The oil filter was removed and John ran a test using a gauge that he knew was working correctly. Without the oil filter fitted, the gauge showed 50 psi. After John put the oil filter back in and ran the test again, the working gauge again displayed 50 psi.
This was enough to tell John that the gauge in the car was the issue rather than a more serious issue which was the best outcome in this situation.
Work continues on our 1971 Jensen FF MKII and it won’t be too much longer before it is returned to its owner to enjoy again.
Our 1971 Jensen FF MKII recently had a new fuel tank installed. Workshop manager John has been modifying the breather pipes on the new fuel tank.
While he was working on this, he found that the reason why the tank sender was not working was that the metal strip had corroded away.
Our 1971 Jensen FF MKII is a beautiful car that certainly holds the attention of everyone here at Bridge Classic Cars. Work will continue on our FF until the workshop team is completely satisfied that it is ready to be returned to its owner and get back out on the road.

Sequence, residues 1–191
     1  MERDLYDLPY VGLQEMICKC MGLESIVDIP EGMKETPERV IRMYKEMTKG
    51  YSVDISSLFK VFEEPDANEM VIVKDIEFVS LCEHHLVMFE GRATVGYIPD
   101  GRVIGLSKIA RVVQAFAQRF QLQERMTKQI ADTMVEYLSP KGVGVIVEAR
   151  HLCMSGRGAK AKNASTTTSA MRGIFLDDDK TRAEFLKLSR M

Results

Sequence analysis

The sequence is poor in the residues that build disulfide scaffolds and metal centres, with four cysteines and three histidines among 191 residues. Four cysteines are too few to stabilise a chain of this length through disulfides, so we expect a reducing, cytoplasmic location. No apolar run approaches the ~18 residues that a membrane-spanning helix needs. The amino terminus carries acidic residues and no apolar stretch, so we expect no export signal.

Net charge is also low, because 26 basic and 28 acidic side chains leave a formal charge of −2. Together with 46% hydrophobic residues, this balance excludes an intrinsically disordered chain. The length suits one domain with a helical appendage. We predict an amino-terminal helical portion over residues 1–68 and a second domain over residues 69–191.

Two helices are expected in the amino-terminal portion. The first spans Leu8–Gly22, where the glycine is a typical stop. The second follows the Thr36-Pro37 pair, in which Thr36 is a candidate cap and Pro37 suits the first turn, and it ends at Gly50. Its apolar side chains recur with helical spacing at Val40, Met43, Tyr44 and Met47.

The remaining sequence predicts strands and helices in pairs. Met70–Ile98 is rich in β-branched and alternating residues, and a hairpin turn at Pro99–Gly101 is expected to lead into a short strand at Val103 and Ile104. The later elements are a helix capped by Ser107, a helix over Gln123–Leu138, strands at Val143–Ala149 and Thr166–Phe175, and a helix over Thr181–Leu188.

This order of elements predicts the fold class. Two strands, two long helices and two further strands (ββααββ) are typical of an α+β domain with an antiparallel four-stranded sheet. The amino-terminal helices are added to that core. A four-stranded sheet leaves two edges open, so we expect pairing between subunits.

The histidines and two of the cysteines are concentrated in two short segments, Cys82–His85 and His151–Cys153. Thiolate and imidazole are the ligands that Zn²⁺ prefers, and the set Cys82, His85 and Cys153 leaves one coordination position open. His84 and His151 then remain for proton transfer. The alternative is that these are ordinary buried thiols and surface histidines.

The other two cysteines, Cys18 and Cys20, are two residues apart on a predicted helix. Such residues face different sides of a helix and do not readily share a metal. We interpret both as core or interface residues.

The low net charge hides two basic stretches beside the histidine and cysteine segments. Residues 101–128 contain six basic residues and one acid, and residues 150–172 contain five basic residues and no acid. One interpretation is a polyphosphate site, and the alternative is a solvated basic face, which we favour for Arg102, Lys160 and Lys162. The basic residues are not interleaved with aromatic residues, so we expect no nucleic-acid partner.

Our 1971 Jensen FF MKII has had the attention of classic car technician Jon recently.
The first job Jon completed was to remove the old distributor and replace it with a new one. He also re-routed the speedo cable and fitted a new fuel filter too.
Jon went on to strip, clean, and inspect the brakes of this very impressive-looking classic car.